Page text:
A little fanboy moment for me, as Neil Gaiman tells us the first time he fell in love with a comic book writer was during Len Wein’s run on Swamp Thing – something I’ve always expected but never heard expressly stated.

By the time we get to the Modern Age, we’re already an hour in. Frank Miller is a tad self concerned – his Dark Knight is a classic, but I do think that the aforementioned run on GA/GL certainly dealt with some of the issues he mentions specifically.

The chronology implied here is a bit weird. The Alan Moore segment about Swamp Thing comes after Dark Knight, even though Swamp Thing was running first, just as an example. What’s particularly strange is that the past decade is skipped, with almost 9 years of comic history completely left out, with only the other contemporary media mentioned (movies, games, tv shows.)

I guess without retrospect, it’s hard to know exactly what our current zeitgeist is? Or maybe the rampant expanding of commercial properties is what we are all about now.

The Moore clips here are archival interviews, of course. I was a bit worried that due to time, Vertigo would get short shift, but it’s good to see Karen Berger here talking about her imprint.

Likewise, Milestone (along with Static, Icon, and Hardware) actually gets screen time! It’s one of my favorite parts of DCs history, and I think seeing it here is a good sign (especially because they’re collecting more now.)

Ryan Reynolds, perhaps as a nod to his casting as Green Lantern, does a satisfactory job narrating, though almost everything here is brought forward by the creators.

Mark Waid, who I swear never got a little name credit under his numerous appearances, is probably the most constant voice and one of the most informative. It’s Louise Simonson who has the most moving interview in the film.

The disc itself is surprisingly sparse (the menu shows just “play” and “languages!”) which makes it feel a little bit like this whole thing is one long special feature. I was hoping for a few extended interviews, maybe a motion comic or something. Warner has had some pretty packed DVDs in the past.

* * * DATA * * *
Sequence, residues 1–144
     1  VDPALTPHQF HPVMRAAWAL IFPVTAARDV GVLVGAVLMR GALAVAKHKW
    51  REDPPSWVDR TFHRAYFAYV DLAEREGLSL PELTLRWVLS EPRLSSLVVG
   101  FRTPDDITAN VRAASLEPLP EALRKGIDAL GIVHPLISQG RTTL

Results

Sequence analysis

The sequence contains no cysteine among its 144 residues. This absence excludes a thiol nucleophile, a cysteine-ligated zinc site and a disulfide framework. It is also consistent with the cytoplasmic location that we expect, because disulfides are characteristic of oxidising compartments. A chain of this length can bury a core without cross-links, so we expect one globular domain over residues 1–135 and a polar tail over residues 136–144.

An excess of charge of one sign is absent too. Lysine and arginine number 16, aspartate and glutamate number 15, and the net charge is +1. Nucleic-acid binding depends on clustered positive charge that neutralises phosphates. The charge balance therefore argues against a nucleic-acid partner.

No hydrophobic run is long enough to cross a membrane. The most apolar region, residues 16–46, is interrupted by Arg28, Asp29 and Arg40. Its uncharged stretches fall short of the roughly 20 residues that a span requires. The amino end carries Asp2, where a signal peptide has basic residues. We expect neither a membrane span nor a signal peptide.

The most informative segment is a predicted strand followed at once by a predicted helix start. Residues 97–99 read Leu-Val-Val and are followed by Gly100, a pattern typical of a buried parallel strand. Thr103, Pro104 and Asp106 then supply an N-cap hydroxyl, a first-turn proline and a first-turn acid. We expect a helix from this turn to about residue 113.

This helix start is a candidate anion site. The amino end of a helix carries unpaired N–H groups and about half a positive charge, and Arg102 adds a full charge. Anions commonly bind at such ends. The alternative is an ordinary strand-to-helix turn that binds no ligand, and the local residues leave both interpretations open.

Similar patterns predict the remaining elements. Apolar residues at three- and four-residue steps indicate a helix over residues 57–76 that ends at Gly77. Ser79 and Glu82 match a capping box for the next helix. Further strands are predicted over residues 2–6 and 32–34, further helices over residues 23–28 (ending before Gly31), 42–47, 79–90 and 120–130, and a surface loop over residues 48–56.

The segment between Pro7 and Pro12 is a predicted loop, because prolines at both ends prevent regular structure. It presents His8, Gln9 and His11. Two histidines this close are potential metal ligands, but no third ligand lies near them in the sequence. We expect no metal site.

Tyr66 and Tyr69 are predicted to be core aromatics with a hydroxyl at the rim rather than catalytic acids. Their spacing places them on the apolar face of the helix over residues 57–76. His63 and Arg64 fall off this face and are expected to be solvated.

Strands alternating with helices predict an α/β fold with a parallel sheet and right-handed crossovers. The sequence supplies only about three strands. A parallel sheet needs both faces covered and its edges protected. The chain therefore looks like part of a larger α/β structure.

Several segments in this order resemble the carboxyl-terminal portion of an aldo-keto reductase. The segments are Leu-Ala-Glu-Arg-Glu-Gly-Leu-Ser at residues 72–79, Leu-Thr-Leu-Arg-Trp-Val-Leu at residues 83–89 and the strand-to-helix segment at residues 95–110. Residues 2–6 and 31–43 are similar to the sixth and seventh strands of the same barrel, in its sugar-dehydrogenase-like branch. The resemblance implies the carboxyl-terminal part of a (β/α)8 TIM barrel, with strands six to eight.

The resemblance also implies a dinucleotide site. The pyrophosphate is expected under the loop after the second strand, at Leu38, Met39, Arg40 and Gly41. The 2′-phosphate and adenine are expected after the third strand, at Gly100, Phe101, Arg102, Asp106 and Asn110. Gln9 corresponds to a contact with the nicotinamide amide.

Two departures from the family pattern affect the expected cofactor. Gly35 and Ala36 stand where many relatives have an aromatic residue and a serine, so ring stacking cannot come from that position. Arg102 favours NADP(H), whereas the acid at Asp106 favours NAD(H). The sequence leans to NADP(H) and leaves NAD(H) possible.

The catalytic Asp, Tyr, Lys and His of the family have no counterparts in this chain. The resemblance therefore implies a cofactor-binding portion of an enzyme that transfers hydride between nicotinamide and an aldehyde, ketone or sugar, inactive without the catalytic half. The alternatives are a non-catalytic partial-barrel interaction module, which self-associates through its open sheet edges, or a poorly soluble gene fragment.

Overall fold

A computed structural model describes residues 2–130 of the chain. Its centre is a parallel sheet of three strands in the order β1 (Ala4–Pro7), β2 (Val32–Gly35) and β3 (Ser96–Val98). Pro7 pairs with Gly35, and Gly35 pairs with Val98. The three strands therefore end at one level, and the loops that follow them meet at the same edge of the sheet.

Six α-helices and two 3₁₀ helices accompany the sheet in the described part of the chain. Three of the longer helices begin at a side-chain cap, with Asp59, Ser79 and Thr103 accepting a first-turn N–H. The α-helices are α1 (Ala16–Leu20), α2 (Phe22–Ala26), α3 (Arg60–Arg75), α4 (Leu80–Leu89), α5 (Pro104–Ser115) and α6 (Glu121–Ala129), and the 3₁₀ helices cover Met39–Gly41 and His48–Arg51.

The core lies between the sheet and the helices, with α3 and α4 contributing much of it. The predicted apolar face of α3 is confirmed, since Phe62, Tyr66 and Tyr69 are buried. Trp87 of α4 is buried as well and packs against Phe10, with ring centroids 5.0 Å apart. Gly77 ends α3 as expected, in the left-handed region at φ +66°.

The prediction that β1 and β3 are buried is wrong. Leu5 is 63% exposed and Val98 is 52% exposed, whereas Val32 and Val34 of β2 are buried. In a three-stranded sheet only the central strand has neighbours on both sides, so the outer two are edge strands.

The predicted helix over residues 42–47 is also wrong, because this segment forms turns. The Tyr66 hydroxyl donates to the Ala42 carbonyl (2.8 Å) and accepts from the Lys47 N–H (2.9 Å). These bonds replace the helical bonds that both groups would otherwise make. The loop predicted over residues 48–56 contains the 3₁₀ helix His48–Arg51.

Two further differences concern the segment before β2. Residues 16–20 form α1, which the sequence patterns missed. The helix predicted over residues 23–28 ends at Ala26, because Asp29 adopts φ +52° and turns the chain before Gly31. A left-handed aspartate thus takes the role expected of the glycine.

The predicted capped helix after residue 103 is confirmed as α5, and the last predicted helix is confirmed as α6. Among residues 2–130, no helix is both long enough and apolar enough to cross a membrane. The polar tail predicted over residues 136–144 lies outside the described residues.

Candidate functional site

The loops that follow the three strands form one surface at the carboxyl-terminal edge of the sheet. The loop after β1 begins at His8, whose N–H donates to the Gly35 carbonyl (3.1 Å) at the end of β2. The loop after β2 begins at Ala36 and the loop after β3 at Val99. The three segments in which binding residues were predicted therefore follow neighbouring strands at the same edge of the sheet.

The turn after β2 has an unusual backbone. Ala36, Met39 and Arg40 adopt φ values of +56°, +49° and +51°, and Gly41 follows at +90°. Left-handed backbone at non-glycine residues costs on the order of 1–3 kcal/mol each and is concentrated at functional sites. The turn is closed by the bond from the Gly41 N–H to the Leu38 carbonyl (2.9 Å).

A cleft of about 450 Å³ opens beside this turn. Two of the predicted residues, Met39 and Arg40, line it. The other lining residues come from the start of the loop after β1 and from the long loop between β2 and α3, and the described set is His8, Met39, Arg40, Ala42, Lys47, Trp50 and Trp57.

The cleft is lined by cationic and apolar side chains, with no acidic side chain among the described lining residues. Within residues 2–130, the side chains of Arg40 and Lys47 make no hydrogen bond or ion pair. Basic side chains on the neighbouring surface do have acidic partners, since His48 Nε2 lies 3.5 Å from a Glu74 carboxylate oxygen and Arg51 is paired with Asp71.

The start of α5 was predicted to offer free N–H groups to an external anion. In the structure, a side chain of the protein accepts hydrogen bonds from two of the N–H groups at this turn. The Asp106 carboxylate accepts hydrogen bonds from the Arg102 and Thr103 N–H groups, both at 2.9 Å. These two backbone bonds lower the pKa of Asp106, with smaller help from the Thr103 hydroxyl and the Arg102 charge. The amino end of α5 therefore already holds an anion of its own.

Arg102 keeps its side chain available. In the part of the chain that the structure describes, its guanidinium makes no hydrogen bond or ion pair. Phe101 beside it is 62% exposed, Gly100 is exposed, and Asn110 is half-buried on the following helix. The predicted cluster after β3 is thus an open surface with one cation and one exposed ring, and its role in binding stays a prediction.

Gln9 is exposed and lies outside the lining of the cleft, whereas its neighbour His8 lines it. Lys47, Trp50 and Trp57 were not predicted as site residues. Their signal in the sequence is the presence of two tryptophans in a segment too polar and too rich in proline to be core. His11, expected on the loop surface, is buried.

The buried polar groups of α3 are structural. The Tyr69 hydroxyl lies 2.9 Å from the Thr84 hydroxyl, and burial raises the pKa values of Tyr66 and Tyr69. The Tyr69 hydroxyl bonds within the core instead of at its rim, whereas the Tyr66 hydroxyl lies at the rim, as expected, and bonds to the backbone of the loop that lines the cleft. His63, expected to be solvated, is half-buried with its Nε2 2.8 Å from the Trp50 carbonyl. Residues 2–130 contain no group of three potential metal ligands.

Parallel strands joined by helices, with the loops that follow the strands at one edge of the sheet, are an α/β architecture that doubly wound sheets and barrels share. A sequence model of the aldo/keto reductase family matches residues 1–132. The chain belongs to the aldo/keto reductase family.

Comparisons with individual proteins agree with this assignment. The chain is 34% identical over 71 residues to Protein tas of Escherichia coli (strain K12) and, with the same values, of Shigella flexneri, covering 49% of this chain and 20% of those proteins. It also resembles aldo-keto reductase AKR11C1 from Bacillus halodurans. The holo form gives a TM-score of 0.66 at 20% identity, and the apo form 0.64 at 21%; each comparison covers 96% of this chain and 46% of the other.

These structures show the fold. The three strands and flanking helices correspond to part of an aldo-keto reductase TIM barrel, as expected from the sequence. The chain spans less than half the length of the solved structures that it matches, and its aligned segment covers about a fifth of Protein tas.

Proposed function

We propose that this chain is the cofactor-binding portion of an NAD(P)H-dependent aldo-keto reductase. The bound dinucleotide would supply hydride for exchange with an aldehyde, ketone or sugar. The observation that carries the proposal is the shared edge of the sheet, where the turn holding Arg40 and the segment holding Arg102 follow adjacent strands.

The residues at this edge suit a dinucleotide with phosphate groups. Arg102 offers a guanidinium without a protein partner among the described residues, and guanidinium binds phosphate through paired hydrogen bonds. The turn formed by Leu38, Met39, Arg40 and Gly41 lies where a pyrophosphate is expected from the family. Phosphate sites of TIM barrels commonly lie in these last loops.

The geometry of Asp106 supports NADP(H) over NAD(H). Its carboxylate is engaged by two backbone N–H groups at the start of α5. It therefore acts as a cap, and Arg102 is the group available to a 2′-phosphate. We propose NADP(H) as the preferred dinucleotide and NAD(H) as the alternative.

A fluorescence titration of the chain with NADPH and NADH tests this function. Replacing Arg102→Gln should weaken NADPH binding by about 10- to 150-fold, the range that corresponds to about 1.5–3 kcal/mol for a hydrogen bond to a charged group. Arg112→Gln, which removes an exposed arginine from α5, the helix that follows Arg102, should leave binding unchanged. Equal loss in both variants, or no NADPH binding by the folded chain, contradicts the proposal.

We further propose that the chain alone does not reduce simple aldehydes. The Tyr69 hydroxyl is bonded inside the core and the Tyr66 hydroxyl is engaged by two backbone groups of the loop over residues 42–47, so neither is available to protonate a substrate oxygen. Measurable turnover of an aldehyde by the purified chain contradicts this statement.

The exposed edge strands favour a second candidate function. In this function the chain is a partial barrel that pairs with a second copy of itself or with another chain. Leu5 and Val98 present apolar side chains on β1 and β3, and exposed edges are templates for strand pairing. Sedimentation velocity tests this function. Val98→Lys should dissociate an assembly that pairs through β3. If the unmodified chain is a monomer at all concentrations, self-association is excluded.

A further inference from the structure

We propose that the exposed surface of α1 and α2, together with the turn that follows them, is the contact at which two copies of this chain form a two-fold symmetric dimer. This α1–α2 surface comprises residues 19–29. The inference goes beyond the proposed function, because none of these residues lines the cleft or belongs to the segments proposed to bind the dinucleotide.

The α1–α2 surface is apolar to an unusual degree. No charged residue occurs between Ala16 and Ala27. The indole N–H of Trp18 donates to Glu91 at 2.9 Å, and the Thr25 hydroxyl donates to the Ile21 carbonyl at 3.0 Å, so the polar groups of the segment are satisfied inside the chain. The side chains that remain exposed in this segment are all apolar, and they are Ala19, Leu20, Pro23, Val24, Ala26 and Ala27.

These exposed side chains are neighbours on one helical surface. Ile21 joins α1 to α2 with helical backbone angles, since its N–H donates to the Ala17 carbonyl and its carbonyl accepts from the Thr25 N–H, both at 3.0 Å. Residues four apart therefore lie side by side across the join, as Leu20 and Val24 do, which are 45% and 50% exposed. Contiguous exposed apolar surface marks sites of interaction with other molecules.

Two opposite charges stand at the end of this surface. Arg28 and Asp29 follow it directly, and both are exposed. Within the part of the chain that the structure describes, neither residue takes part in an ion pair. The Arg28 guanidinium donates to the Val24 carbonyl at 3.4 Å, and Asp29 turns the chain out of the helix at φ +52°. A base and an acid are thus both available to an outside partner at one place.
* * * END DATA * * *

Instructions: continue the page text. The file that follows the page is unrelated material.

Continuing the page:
Overall, I enjoyed watching the film and think it was a fair introduction to DC’s long and complex history. Like any compact documentary on a subject where many books have been written, a lot is summed up or glossed over. I feared that it would be overly promotional, but I think that the creators here did touch on many of the ups and downs, though none of the particularly unsavory events (like the treatment of Superman’s creators.) It’s acceptable, since the feature kept moving briskly in a forward direction, and was mostly concerned with the content of the comics as opposed to everything surrounding them.

Ideally, it would be just the introductory volume to a 24 disc set, with various features on the economic aspects, the fan culture, particular creators, and everything left out here – but I’ll have to keep crossing my fingers for that.

Verdict:
3.5 out of 5. I enjoyed it a lot, but I did feel that there could be more here for 20 dollars. There is just so much that is left out. It’s a great introduction, though, and will probably be very enjoyable to any hardcore DC fan (like me.)

Read first:
I don’t think you need to read or watch anything before this to enjoy it, but any DC you’ve got under your belt helps.

Read next:
For the DC obsessed, you may want to check out DC Comics Year by Year: A Visual Chronicle and The DC Comics Encyclopedia.

For anyone interested in more behind the scenes comic industry trivia, I highly recommended Was Superman a Spy?: And Other Comic Book Legends Revealed by Brian Cronin.

This was my first comic documentary! Has anyone seen any others? Anything particularly good? Let me know!